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Once upon a time, using RBLs to drop mails was actually a good idea. These days seems it is no more possible for a reason or the other, so every one switched / is_switching to just use RBLs as another test in score based antispam solutions (read: SpamAssassin & friends).

This gives good results, but neglects one of the benefits of RBLs, namely the ability to reject (supposed) spam before even receiving the message body.

Is still there any RBL that makes sense to use that way, to hardly reject anything that fires a match in that list? If there are people doing it that way, do you ever get false positives due to the list?

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I still apply certain RBL hits as automatic rejection (CBL, also PBL if not SMTP AUTH'd) -- These lists are relative clean, so I have no qualms about sending "5xx You are listed in [BLACKLIST] visit [URL] for more information" messages to those senders. Other blacklists have been relegated to Score-Modifiers.

I also have a whitelist for one-off overrides in case some business-critical client gets blocked by one of my immediate-reject RBLs, but I haven't had to use that override in over 3 years, and the zone is empty now except for my local systems...

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There isn't a right or wrong answer to this, except possibly: Your server, your rules.

If you are using a list that you know is very carefully ran by trustworthy people, and whose aims mesh closely with yours then by all means go for it.

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The "trustworthy people" part is key IMHO -- If the list you're using is routinely full of false-positives (even transient ones) bouncing back 5xx messages because of a hit will be more trouble than it's worth. –  voretaq7 Jun 14 '10 at 21:04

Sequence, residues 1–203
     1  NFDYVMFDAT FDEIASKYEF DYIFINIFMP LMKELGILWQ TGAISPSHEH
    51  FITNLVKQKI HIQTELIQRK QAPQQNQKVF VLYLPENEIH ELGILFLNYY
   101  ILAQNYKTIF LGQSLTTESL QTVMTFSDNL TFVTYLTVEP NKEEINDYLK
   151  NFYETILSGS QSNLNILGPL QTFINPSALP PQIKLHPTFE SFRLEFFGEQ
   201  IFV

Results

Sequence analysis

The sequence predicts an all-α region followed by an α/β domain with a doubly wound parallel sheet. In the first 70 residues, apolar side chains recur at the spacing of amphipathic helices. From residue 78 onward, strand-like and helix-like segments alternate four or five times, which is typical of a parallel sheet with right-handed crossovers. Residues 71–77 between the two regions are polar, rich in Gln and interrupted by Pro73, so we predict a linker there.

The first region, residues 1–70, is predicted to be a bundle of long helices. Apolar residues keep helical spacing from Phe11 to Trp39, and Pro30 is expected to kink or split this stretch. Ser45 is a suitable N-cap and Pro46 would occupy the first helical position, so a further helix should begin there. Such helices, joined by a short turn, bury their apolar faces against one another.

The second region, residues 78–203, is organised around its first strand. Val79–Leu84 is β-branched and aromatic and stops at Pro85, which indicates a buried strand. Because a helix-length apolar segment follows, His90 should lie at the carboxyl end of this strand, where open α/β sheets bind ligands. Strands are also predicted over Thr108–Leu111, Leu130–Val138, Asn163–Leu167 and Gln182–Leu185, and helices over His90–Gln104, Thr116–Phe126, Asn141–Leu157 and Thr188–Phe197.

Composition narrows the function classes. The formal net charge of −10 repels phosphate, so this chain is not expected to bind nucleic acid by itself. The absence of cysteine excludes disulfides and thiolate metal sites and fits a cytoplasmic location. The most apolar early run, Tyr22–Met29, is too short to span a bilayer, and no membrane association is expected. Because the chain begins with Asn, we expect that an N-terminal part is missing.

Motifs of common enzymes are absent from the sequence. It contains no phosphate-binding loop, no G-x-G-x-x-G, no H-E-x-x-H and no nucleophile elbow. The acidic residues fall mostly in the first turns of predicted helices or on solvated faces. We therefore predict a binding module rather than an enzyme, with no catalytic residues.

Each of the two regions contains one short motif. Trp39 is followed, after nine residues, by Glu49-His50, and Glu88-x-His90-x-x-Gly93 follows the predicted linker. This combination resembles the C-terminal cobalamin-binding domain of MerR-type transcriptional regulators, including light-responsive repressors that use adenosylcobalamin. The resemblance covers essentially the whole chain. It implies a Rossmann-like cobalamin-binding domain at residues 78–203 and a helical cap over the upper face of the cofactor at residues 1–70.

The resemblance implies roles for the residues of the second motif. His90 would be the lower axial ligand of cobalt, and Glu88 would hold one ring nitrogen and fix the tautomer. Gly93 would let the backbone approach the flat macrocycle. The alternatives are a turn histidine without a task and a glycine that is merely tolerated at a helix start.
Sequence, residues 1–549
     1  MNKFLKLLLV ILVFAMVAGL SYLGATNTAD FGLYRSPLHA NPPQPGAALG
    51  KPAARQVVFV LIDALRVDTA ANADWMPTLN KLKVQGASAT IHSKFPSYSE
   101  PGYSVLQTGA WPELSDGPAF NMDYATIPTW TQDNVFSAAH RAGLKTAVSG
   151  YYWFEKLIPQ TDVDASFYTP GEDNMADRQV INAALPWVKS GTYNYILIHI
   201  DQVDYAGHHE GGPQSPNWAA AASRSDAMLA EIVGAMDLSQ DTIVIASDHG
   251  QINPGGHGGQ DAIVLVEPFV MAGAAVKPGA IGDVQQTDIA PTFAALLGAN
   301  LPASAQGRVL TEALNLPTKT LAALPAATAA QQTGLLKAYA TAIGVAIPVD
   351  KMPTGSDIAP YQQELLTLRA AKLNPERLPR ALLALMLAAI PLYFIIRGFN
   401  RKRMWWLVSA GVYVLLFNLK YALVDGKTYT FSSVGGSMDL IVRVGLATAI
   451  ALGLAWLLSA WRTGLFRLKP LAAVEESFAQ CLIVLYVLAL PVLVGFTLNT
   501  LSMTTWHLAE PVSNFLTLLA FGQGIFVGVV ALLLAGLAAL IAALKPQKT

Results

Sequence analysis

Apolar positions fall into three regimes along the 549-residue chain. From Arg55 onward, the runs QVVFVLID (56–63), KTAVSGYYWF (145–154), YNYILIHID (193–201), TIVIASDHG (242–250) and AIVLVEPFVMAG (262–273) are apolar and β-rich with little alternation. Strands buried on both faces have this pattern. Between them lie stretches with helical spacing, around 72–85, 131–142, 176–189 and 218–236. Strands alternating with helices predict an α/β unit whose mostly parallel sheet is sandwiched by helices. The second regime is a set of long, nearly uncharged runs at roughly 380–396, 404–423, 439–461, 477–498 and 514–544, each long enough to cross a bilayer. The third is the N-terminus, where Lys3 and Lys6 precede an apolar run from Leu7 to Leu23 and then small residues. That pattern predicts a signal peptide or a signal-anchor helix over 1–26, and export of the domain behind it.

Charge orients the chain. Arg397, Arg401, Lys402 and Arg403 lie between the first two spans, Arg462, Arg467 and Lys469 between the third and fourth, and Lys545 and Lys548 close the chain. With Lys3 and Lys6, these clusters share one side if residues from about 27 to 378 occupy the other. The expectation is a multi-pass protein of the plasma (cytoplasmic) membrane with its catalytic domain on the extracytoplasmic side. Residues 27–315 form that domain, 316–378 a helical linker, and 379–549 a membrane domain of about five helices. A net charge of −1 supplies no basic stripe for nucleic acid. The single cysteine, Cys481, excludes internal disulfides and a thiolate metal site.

that's why I asked the question in the first place, to gather from other's experience about the current offerings of RBLs –  Luke404 Jun 14 '10 at 21:06
    
Luke404, Well my opinion is that I wouldn't use any of them to drop mail outright by themselves. But that's just my opinion. I think some of them are less controversial than others, but still. –  RobM Jun 14 '10 at 22:21

First off, not all block lists are equal, yet you are asking the question as if they are. The IP address our email goes out through was at one time checked against some 200 block lists. Only one of those, a Chinese one, had us listed. Should our email therefor be dropped based on that one list or should a more intelligent set of rules apply?

It's far too easy to get on a list, yet can be very difficult to get off some of them. The reasons for being on them range from reasonable to downright absurd. I have in fact reduced the number of lists being checked down to about 20 or so, as the vast majority appear to have little or no credibility. Under the circumstances I cannot and will not accept any one list as authoritative. However, I believe anyone being on several of the major lists no doubt deserves being there and their mail is treated accordingly.

Our mail scanner is currently configured to reject email from any sender that is listed on three or more major lists. Less than that and other filters are applied before a decision is made. This results in us having a very high accuracy rate.

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